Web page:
From Wikipedia, the free encyclopedia
Jump to: navigation, search
EC number
CAS number 9032-75-1
IntEnz IntEnz view
ExPASy NiceZyme view
MetaCyc metabolic pathway
PRIAM profile
PDB structures RCSB PDB PDBe PDBsum

Polygalacturonase (EC, pectin depolymerase, pectinase, endopolygalacturonase, pectolase, pectin hydrolase, pectin polygalacturonase, endo-polygalacturonase, poly-alpha-1,4-galacturonide glycanohydrolase, endogalacturonase, endo-D-galacturonase, poly(1,4-alpha-D-galacturonide) glycanohydrolase, PG) is an enzyme produced in plants which is involved in the ripening process, and by some bacteria and fungi which are involved in the rotting process. PGs degrades polygalacturonan present in the cell walls of plants by hydrolysis of the glycosidic bonds that link galacturonic acid residues. Polygalacturonan is a significant carbohydrate component of the pectin network that comprises plant cell walls.[1] The activity of the endogenous plant PGs work to soften and sweeten fruit during the ripening process. Similarly, phytopathogens use PGs as a means to weaken the pectin network, so that a host of digestive enzymes can be excreted into the plant host to acquire nutrients.


X-ray crystallography has been used to determine the three-dimensional structure of several PGs. Fungal PGs from Collectotrichum lupine,[2] Aspergillus aculeatus,[3] and Aspergillus niger (PG1[4] and PG2[5]) have been crystallized. The PG from Erwinia carotovora is the crystallized bacterial PG.[6] Because of the significant role PGs play in agriculture and industry, computational molecular modeling has been applied to generate theoretical structures of other important PGs.[7] The experimentally determined crystal structures are used as templates for the computational threading process.


Most plants have inhibitor proteins against some PGs. The polygalacturonase inhibitor proteins (PGIPs) are leucine-rich repeat proteins that have been reported to demonstrate both competitive[8] and non-competitive[9] inhibition of PGs. The crystal structure has been determined for one plant PGIP, PGIP2 from Phaseolus vulgaris (bean).[10] The theoretical structures of other PGIPs have been determined for some other common crops, using PGIP2 as the template.[11]


  1. ^ Jones, T. M., Anderson, A. J., and Albersheim, P. (1972) Hostpathogen interactions IV, Studies on the polysaccharide-degrading enzymes secreted by Fusarium oxysporum f. sp. lycopersici, Physiol. Plant Pathol. 2, 153-166.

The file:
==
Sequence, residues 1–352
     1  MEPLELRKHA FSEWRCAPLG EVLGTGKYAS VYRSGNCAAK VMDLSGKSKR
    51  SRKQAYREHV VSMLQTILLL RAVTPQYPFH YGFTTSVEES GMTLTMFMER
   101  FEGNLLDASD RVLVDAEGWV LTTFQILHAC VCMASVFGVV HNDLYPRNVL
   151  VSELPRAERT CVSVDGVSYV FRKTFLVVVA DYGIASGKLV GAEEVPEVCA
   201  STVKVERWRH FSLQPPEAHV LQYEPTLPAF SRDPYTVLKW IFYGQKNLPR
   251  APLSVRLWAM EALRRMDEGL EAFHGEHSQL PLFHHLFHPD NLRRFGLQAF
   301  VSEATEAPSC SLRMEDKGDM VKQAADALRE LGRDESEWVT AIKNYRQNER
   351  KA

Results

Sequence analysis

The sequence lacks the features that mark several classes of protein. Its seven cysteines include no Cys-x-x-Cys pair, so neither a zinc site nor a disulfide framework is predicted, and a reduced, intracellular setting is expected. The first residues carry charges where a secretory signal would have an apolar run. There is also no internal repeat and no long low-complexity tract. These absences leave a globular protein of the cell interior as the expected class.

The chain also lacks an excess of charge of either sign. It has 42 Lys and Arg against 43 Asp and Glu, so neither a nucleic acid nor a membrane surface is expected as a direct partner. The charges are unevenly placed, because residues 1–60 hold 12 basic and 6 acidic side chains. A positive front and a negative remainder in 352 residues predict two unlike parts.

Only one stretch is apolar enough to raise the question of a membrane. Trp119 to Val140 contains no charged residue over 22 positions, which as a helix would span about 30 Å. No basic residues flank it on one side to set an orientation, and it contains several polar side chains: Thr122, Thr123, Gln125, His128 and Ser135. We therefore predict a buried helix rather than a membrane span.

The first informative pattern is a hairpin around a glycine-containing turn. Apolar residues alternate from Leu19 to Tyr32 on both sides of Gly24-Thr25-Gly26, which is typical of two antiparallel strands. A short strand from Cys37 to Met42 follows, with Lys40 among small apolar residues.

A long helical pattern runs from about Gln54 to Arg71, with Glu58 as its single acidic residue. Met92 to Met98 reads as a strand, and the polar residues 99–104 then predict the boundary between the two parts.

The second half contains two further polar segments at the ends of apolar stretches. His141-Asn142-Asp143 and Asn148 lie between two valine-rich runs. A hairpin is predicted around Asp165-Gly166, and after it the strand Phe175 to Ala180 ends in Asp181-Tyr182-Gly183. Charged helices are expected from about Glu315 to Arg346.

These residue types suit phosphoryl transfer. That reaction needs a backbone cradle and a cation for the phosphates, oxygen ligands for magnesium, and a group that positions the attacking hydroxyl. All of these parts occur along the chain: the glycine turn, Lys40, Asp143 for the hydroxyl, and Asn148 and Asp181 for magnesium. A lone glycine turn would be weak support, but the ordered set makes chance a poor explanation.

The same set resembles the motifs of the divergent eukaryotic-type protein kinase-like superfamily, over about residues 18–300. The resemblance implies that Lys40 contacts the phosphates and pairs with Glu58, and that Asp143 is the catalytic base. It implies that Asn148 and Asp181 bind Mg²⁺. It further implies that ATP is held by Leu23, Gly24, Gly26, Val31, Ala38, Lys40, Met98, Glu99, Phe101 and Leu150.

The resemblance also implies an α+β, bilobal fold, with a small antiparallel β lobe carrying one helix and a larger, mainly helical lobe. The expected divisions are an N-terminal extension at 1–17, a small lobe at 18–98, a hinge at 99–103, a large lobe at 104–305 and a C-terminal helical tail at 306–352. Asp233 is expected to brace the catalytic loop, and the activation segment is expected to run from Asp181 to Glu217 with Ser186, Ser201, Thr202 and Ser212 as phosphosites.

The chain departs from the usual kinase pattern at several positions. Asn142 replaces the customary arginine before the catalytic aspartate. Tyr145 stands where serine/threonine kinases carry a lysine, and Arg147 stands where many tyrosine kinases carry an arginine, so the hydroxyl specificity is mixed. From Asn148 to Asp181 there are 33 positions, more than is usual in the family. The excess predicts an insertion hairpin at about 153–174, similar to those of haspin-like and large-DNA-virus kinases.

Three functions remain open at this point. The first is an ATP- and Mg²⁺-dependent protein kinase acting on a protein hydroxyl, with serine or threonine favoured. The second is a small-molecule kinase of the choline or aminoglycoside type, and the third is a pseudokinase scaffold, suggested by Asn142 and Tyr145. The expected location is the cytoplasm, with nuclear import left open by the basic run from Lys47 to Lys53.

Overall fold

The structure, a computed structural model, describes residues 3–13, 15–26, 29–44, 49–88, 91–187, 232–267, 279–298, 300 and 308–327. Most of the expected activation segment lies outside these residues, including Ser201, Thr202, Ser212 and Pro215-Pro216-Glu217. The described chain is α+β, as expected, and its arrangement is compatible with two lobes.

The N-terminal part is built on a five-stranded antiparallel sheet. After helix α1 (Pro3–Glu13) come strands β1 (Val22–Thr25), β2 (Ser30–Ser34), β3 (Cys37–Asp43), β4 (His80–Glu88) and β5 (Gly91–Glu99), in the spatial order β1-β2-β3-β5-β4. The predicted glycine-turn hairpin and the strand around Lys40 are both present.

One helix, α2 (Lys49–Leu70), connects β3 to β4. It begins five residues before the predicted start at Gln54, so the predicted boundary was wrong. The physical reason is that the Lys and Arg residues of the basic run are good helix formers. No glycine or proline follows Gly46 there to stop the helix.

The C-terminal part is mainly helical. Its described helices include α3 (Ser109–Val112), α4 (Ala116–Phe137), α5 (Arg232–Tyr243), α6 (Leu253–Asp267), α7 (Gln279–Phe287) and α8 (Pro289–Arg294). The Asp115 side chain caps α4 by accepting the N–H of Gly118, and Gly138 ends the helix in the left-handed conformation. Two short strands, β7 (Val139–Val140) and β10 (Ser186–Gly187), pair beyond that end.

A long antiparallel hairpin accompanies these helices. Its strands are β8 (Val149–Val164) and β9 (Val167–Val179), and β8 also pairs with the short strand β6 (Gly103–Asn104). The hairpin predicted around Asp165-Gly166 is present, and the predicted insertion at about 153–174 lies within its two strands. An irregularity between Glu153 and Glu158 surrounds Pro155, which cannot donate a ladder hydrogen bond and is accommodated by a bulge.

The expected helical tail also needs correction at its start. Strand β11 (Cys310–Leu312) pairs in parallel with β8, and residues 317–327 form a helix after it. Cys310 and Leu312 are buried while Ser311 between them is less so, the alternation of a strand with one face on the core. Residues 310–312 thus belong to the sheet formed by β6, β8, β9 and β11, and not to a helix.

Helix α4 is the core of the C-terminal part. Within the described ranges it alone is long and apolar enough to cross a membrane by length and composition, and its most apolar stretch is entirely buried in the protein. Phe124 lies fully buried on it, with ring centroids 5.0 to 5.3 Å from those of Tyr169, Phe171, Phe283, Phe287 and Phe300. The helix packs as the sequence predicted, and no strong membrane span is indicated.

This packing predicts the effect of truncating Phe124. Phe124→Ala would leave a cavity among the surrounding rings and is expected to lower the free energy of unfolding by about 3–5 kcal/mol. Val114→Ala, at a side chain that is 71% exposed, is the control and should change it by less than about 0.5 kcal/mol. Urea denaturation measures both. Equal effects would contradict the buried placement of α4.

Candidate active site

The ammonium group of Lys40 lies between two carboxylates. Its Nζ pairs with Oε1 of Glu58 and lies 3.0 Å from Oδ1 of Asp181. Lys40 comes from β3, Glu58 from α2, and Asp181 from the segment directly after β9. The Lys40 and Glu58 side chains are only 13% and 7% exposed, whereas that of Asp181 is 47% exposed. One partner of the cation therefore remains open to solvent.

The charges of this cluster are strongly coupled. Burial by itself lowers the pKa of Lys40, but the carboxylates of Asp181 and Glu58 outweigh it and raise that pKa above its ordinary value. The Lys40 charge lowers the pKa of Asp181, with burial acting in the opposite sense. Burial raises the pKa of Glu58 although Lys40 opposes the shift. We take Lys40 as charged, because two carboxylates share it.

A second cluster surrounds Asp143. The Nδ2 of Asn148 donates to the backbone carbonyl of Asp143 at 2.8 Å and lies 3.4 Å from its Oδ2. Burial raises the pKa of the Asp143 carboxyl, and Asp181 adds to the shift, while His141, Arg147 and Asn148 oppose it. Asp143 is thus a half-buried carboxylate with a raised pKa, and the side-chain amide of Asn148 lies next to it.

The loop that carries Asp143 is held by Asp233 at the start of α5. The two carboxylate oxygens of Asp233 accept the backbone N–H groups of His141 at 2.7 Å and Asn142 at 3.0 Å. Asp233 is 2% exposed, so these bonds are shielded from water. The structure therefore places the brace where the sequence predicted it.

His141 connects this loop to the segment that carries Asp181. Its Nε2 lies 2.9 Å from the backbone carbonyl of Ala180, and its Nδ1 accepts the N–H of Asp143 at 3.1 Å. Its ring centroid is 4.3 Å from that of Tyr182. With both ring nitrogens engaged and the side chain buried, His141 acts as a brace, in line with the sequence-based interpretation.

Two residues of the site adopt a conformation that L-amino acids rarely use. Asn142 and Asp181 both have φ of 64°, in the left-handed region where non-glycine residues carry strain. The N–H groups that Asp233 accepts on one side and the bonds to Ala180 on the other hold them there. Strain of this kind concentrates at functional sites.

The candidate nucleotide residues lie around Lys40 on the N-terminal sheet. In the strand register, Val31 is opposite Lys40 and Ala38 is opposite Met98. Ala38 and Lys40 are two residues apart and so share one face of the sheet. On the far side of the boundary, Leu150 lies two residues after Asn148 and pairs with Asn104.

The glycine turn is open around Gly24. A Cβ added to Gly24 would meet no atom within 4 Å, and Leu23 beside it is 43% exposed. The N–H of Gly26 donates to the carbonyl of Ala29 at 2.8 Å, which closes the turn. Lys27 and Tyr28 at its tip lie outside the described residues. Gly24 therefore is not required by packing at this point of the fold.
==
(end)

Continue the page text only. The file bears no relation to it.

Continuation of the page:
2. ^ D. Bonivento, D. Pontiggia, A.D. Matteo, J. Fernandez-Recio, G. Salvi, D. Tsernoglou, F. Cervone, G.D. Lorenzo, L. Federic, “Crystal Structure of the Endopolygalacturonase from the Phytopathogenic Fungus Colletotrichum lupini and its Interaction with Polygalacturonase-Inhibiting Proteins”. Proteins, 70, 294, 2008
  3. ^ S.W. Cho, S. Lee, W. Shin, “The X-Ray Structure of Aspergillus aculeatus Polygalacturonase and a Modeled Structure of the Polygalacturonase-Octagalacturonate Complex”. J. Mol. Biol., 311, 863, 2001
  4. ^ G.Van Pouderoyen, H.J. Snijder, J.A. Benen, B.W. Dijkstra, “Structural Insights Into the Processivity of Endopolygalacturonase I from Aspergillus niger”. Febs Lett., 554, 462, 2003
  5. ^ Y. Van Santen, J.A. Benen, K.H. Schroter, K.H. Kalk, S. Armand, J. Visser, B.W. Dijkstra, “1.68-A Crystal Structure of Endopolygalacturonase II from Aspergillus niger and Identification of 3 Active Site Residues by Site-Directed Mutagenesis”. J.Biol.Chem., 274, 30474, 1999
  6. ^ R. Pickersgill, D. Smith, K. Worboys, J. Jenkins, “Crystal Structure of Polygalacturonase from Erwinia carotovora Ssp. carotovora”. J. Biol. Chem., 273, 24660, 1998
  7. ^ http://www.pg-pgip.info
  8. ^ Federici L, Caprari C, Mattei B, Savino C, Di Matteo A, De Lorenzo G, Cervone F, Tsernoglou D. Structural requirements of endopolygalacturonase for the interaction with PGIP (polygalacturonase-inhibiting protein). Proc Natl Acad Sci U S A. 2001 Nov 6;98(23):13425-30.
  9. ^ Daniel King, Carl Bergmann, Ron Orlando, Jacques A. E. Benen, Harry C. M. Kester, and Jaap Visser; “Use of Amide Exchange Mass Spectrometry To Study Conformational Changes within the Endopolygalacturonase II – Polygalacturonic Acid – Polygalacturonase Inhibiting Protein System”, Biochem. 41, 10225-10233, 2002
  10. ^ A. Di Matteo, L. Federici, B. Mattei, G. Salvi, K.A. Johnson, C. Savino, G. De Lorenzo, D. Tsernoglou, F. Cervone, “The Crystal Structure of Polygalacturonase-Inhibiting Protein (Pgip), A Leucine-Rich Repeat Protein Involved in Plant Defense”. Proc. Natl. Acad. Sci. USA, 100, 10124, 2003
  11. ^ http://www.pg-pgip.info

External links[edit]